Financially speaking we are living in a risk averse world post 2008.
This may be understandable but in a globally connected and highly competitive world UK businesses need to innovate if they want to survive and prosper.
It’s a point that British inventor Trevor Baylis OBE, inventor of the wind-up radio in the early 90s, emphasises in calling for the importance of innovation and invention to be taught in schools in an interview with the Daily Telegraph.
Invention is also in the spotlight this week with the announcement by the Institution of Engineering and Technology’s 2013 winner of the annual Faraday Award. The winner was Sir Michael Pepper, a professor of nanoelectronics at UCL whose work has pioneered development of an unhackable computer.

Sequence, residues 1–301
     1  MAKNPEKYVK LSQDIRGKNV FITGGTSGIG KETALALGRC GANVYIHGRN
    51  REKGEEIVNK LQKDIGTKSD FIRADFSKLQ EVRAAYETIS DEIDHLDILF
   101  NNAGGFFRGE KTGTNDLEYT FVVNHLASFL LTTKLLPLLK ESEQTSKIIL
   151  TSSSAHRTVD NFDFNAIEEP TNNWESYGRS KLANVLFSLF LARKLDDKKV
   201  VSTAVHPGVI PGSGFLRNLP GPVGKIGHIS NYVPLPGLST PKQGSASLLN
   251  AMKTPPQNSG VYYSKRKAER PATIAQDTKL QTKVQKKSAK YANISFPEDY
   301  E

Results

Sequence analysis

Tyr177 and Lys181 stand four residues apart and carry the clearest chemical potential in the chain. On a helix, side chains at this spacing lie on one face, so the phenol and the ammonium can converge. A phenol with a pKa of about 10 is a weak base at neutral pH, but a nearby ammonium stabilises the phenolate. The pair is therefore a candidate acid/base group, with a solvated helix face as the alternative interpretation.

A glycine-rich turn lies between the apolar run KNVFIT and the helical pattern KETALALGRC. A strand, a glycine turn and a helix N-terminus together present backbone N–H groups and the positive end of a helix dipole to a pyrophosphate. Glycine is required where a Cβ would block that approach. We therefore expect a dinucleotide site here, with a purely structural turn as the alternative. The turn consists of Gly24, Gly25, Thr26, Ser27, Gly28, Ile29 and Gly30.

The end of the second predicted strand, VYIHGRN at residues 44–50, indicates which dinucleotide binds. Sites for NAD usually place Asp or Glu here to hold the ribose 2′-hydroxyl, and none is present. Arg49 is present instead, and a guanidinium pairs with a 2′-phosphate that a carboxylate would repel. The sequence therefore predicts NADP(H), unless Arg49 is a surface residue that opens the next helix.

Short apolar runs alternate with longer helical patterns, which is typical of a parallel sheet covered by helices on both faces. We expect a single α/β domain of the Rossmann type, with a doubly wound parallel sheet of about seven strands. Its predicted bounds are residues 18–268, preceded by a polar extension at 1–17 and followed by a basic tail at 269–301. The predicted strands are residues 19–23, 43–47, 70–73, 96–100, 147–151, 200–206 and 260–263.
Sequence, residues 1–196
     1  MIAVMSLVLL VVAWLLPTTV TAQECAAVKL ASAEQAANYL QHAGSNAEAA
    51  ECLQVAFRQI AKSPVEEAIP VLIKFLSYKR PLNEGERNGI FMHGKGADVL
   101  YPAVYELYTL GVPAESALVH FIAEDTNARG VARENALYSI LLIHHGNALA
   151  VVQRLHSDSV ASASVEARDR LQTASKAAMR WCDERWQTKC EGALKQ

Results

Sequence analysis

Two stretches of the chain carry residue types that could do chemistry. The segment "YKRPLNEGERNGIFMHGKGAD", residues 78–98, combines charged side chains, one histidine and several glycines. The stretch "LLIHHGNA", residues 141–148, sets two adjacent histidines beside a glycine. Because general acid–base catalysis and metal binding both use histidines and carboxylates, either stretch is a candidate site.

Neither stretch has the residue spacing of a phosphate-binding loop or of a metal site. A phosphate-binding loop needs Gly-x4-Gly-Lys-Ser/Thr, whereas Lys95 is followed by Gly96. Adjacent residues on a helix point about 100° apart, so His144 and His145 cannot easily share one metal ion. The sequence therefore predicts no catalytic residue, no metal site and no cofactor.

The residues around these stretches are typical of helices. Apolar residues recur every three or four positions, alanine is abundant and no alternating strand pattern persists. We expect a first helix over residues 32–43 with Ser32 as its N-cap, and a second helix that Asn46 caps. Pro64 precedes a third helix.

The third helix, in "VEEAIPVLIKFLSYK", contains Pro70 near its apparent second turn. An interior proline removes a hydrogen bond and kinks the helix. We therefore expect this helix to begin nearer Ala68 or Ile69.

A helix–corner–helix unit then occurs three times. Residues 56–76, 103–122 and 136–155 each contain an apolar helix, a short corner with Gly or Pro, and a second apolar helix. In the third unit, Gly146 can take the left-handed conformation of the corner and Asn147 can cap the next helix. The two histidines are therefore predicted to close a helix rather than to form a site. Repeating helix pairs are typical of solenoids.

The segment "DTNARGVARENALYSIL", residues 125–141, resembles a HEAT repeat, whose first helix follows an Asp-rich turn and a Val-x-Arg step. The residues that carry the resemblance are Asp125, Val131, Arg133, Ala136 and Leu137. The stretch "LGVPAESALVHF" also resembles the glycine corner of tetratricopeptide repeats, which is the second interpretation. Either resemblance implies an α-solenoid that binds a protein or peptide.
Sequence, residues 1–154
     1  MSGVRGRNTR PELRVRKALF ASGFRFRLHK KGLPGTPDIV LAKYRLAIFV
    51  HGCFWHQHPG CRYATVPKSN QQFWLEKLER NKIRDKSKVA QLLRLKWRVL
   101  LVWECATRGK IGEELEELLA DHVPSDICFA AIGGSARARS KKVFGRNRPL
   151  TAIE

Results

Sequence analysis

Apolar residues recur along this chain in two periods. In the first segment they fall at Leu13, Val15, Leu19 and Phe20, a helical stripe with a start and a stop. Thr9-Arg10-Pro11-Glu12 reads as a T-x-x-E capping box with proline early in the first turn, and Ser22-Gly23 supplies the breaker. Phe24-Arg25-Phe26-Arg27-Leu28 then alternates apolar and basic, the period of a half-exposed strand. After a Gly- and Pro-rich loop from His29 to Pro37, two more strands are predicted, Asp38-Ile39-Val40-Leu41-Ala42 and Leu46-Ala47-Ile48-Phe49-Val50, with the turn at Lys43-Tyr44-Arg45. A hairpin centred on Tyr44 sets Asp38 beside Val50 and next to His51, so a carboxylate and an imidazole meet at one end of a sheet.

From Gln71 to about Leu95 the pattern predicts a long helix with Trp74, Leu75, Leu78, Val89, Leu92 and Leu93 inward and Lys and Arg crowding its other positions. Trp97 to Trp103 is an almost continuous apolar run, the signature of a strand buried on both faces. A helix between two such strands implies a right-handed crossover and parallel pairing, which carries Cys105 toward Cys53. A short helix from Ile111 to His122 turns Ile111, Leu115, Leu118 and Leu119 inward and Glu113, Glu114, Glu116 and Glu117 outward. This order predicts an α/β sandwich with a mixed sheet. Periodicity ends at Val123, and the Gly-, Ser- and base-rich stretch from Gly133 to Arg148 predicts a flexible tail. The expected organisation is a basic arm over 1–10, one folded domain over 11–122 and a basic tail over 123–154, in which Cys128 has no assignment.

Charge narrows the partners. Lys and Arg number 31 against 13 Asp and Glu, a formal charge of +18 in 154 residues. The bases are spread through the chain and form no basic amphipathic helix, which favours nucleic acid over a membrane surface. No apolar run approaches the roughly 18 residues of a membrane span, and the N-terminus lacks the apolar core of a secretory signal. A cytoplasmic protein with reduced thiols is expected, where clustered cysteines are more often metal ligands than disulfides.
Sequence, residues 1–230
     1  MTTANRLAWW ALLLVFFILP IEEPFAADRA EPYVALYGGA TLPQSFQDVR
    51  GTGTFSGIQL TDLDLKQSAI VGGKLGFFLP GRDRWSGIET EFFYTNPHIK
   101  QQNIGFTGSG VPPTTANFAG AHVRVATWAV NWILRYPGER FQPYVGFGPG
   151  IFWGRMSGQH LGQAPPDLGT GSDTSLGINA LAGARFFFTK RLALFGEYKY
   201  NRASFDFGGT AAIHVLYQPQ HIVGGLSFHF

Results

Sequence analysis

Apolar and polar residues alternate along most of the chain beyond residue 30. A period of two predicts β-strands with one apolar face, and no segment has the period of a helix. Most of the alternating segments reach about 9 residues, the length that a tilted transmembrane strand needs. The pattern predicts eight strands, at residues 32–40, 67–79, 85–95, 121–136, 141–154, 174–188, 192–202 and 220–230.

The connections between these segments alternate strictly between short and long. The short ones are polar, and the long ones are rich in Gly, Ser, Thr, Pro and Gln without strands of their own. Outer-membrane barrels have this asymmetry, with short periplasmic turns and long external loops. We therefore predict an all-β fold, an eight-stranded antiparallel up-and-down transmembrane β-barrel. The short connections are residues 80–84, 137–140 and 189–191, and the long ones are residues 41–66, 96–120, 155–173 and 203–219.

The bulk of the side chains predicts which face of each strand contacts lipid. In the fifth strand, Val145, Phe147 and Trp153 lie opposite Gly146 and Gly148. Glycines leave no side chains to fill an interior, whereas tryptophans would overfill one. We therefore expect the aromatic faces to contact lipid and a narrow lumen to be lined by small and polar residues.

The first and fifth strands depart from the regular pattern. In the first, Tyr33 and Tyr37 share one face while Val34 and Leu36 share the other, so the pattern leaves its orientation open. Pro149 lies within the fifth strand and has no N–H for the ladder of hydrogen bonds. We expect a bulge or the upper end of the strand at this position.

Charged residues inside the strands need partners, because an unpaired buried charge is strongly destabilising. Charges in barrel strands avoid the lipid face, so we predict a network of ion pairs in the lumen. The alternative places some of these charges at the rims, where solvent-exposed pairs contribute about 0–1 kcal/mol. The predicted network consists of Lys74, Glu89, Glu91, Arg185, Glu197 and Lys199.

Other IET medallists are in the fields of supercomputing and research in bio-inspired technology that could lead to the first artificial pancreas.
All this takes money and commitment, and while there is some evidence from an analysis of company tax receipts by national accountants UHY Hacker Young showing that investment in R & D in 2012 was 8% higher than in 2011 thanks to increased tax relief on research spending it is still less than 2% of economic output.
But how many SMEs are likely to be able to take advantage of this or have the resources to put into development and innovation when they are still facing an uphill struggle to raise finance from banks unwilling to lend to them?
Indeed banks like most of the lenders coming into the market to replace them, want security over assets which does not allow for innovation.
Many are unaware of other sources of finance and K2 has a comprehensive, free, downloadable guide to sources of business finance available at http://www.k2finance.co.uk